China’s embattled taxi drivers take action against threat from e-bikes

19 August 2020

China’s taxi drivers, who are still struggling to recover from the devastating impact of the Covid-19 pandemic, are facing a new threat to their livelihoods. Several tech companies are promoting electric bicycle sharing schemes in urban areas, drawing even more customers away from taxis. Taxi drivers are responding with direct action.

Between May and July 2020, China Labour Bulletin’s Strike Map recorded at least 18 taxi driver protests across China. Although most of these protests were related to the lingering impact of the pandemic - with demands for reduced rents, operating rights refunds, government subsidies, etc. - four incidents were specifically directed at the threat from e-bike sharing systems.

On 12 June, for example, taxi drivers in Xiangyin, Hunan filed a complaint with the county government alleging that tech company Baimi (拜米) had illegally deployed hundreds of e-bikes. The drivers claimed that the company did not undergo any tender process before introducing its system last year. In addition, the drivers pointed out that there were no laws or regulations on the use of e-bikes in the city, and, as a result, people were driving e-bikes on the road without helmets, posing a risk to themselves and other road users.

Local government officials claimed, without citing any evidence, that everything was in order. In response, the drivers wrote an open letter to the county Party Disciplinary Committee, raising the possibility of collusion between the government and Baimi. Some drivers went further and seized the bikes already deployed, preventing the company from operating.

Drivers in other cities soon followed suit. On 19 July, taxi drivers in Nanbu, Sichuan, surrounded a truck transporting e-bikes, prompting local police to intervene. And on 31 July, drivers in the coastal city of Dalian seized bikes and transported them to an undisclosed location.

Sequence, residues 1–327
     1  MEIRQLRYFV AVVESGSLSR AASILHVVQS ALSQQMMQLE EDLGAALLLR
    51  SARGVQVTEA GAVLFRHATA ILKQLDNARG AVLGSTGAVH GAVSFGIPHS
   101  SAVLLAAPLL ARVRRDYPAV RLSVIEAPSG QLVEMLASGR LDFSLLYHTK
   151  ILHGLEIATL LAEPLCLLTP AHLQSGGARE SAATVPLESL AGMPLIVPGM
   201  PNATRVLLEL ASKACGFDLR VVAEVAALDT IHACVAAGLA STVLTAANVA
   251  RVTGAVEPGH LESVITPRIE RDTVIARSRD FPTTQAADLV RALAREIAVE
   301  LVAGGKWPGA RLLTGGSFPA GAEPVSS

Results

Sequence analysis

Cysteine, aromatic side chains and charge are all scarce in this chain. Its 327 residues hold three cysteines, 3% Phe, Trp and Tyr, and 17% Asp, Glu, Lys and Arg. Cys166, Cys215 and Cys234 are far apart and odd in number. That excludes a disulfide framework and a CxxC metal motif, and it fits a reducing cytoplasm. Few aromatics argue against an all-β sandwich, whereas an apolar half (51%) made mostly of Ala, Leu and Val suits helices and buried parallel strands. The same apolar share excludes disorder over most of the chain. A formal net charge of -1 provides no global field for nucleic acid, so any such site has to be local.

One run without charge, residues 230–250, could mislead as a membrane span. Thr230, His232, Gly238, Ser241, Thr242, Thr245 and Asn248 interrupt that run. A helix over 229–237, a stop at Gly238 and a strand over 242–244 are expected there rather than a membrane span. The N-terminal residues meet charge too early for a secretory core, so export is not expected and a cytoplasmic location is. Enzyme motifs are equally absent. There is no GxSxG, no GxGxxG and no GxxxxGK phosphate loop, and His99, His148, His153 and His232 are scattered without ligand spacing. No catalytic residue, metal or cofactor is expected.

The original bike share craze in China ground to a halt in 2018 when major cities, including Guangzhou, Beijing and Shanghai, banned companies from introducing more bikes. The purpose of the ban was to reduce the chaos caused by illegally parked and abandoned bikes. 

However, tech companies evidently see e-bikes as a way around local government regulations, particularly in smaller cities. HelloGlobal (哈啰出行) was one of the first companies to pump e-bikes into provincial cities, and major players such as Didi and Meituan are expected to join. It is estimated that the number of e-bikes will increase from one million in 2020 to eight million in 2025.

The regulations in place at the moment seem to encourage rather than limit the growth of e-bike sharing and that could be the final nail in the coffin for many taxi drivers. However, as the drivers in Xiangyin, Nanbu and Dalian have shown, they will not go down without a fight. Local governments need to prepare for more disruption, and local trade union officials need to stand up for the drivers and make sure their livelihoods are protected.

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